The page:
Hickton and Lane detail alternative discipline program for PPS students


Last year 20 percent of Pittsburgh Public Schools’ students received an out-of-school suspension. For Black male students the number was 28 percent.

Numbers like those prompted the district to seek a Comprehensive School Safety Initiative grant from Department of Justice grant to address the issue, which it won in October.

On April 22, during a press event at Minadeo PreK-5 in Squirrel Hill, district officials announced that 23 schools will test whether a “restorative practices” initiative can improve safety and educational outcomes, and reduce suspensions.

Joined by U.S. Attorney David Hickton, Superintendent Linda Lane and other district officials said the $3 million dollar grant will be used to initiate a program that enables students and teachers to talk over and address circumstances and behaviors rather than automatically suspending students.

The “restorative practices” program developed by the International Institute for Restorative Practices in Bethlehem, Pa., seeks to keep disruptive students connected to the schools and allow them to confront, correct and accept responsibility for their actions, rather than simply excluding them. Discipline, said Lane, does not equal punishment.

“It’s about learning how to get along, to forgive and have the other person make it right and moving forward together,” she said. “Kids will still get suspended, we know that. But if it happens, we want to only happen once.”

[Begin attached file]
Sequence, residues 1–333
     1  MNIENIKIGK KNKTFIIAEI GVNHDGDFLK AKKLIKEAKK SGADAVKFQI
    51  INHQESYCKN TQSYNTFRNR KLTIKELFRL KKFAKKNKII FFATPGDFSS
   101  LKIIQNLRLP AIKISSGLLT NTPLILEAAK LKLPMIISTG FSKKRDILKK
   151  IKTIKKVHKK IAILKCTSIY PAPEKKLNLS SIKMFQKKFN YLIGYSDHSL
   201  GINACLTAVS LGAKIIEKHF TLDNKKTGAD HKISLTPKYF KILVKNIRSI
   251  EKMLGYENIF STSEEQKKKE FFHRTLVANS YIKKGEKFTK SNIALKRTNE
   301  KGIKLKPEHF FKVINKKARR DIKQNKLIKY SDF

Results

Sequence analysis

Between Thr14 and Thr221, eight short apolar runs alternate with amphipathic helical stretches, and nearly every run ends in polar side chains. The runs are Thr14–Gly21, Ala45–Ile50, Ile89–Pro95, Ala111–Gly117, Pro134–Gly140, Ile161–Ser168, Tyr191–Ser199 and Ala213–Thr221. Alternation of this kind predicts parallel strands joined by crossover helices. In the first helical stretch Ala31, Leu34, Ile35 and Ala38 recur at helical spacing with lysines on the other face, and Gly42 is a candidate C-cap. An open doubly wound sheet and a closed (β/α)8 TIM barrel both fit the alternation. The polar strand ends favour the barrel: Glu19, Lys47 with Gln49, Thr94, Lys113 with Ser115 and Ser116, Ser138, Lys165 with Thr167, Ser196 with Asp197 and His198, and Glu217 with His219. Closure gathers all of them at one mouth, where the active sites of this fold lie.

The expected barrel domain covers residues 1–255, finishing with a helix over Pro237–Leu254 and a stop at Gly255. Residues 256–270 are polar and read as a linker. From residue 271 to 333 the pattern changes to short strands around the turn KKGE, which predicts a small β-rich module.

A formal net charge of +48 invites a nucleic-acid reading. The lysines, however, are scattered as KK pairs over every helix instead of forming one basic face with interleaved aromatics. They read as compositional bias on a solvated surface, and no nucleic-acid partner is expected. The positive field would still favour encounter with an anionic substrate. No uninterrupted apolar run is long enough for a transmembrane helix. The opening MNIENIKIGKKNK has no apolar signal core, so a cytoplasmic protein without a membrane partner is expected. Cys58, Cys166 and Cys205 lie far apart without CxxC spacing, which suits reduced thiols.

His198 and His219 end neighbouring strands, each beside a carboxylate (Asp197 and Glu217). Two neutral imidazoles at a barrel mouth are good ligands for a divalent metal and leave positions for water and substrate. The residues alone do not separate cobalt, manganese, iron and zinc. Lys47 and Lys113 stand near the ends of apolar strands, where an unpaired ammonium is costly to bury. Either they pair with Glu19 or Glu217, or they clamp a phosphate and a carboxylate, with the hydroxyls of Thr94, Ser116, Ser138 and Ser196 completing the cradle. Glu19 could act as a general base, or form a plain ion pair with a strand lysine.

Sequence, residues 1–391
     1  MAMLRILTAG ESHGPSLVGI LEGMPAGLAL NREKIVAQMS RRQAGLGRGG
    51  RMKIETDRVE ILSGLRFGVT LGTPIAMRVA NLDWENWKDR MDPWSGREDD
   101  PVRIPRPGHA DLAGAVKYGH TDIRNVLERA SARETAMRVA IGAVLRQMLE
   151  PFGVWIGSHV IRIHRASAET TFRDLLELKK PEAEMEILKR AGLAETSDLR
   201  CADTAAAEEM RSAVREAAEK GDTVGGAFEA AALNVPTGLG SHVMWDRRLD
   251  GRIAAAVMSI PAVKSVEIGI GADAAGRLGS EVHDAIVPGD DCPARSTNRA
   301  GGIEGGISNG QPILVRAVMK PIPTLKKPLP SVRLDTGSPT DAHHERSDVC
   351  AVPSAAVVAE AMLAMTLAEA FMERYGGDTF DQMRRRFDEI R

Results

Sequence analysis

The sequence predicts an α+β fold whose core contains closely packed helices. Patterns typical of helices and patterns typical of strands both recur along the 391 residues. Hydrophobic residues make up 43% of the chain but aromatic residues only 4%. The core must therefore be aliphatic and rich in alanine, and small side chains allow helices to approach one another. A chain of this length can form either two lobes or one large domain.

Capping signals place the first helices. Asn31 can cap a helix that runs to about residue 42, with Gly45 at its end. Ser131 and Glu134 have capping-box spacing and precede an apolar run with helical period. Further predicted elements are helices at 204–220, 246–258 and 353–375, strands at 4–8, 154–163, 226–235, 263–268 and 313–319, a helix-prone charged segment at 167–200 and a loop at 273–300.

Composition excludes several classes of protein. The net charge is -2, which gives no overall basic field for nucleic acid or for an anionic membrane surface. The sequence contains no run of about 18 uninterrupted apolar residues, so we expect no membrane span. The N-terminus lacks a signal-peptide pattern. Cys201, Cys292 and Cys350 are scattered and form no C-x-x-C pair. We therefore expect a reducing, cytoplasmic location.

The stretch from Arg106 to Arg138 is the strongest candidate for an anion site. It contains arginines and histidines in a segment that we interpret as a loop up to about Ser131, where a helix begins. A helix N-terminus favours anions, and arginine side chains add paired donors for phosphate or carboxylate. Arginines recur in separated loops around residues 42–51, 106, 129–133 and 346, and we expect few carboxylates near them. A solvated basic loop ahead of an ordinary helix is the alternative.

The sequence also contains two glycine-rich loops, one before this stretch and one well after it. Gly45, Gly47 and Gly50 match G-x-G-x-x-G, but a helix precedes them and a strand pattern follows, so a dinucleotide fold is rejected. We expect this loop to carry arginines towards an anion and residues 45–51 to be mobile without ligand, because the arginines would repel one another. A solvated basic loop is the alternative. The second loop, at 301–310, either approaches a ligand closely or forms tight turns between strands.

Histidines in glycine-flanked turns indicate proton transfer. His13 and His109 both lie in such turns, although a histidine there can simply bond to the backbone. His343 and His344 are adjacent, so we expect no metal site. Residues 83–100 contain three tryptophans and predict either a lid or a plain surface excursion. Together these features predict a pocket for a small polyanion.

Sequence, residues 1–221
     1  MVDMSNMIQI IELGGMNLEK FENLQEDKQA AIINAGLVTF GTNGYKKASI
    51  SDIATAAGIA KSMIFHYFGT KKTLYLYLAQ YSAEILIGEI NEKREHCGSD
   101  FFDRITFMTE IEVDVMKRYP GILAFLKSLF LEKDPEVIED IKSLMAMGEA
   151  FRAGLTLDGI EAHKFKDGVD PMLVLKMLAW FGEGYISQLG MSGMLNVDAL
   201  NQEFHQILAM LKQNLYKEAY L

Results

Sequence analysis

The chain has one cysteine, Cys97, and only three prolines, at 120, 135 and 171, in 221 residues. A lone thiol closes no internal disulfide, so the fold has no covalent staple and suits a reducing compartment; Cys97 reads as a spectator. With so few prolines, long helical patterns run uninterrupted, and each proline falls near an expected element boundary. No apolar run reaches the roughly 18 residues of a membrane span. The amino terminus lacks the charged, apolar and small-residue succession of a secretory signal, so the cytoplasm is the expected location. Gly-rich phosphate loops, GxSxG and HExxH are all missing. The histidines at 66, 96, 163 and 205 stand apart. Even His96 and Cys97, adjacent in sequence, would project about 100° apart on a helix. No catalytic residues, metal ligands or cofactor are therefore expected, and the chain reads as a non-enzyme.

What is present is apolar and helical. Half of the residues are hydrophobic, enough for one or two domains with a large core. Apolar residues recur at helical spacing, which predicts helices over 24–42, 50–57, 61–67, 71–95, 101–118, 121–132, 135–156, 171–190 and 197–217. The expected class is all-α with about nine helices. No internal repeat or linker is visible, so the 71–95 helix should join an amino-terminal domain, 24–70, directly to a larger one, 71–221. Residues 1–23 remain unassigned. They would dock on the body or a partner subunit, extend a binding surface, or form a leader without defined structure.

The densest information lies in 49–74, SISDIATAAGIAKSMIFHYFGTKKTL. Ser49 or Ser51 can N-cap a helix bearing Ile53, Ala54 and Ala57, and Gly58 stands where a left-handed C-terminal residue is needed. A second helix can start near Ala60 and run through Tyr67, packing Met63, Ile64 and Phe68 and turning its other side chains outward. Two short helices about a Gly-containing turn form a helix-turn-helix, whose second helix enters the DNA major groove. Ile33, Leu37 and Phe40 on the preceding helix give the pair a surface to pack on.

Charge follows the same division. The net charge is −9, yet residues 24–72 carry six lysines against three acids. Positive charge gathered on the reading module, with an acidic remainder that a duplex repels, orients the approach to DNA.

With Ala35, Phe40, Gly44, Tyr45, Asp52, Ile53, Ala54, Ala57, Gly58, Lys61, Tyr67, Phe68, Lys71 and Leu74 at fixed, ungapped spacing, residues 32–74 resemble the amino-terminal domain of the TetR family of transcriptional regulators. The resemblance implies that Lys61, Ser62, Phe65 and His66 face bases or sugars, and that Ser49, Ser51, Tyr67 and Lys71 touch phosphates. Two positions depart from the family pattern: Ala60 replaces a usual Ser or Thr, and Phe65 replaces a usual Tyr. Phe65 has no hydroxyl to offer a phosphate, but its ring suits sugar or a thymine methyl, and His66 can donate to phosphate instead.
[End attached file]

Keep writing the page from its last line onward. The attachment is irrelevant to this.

Hickton called the grant “an investment in our most precious asset.”

“If we don’t do this, if we only have a hammer, suspended students go from at-risk to drop outs and can quickly wind up on my desk,” he said. “We need to produce students and graduates rather than defendants and convicts.”

In addition to paying to train teachers and staff in implementing the program protocols, and gathering data, the grant will fund a two-year research project, conducted by the RAND Corp. that will analyze the program and determine its effectiveness.

This will be done by matching the 23 program schools with 23 others that employ standard district practices. Both the study and control groups of schools have been matched using a variety of criteria including, size, student age, grade configuration, and racial demographics.

RAND Senior Policy Researcher Catherine Augustine said the study will look at suspension rates, attendance rates and student and teacher answers to annual surveys for both groups of schools.
“That way, if we find a statistically significant difference, we’ll be able to attribute it to the program’s effectiveness,” she said.

The study will begin with the 2015-2016 school year, and the result should be available by fall 2017. If the program proves successful, Lane said it would then be expanded throughout the district.

(Send comments to cmorrow@newpittsburghcourier.com.) 


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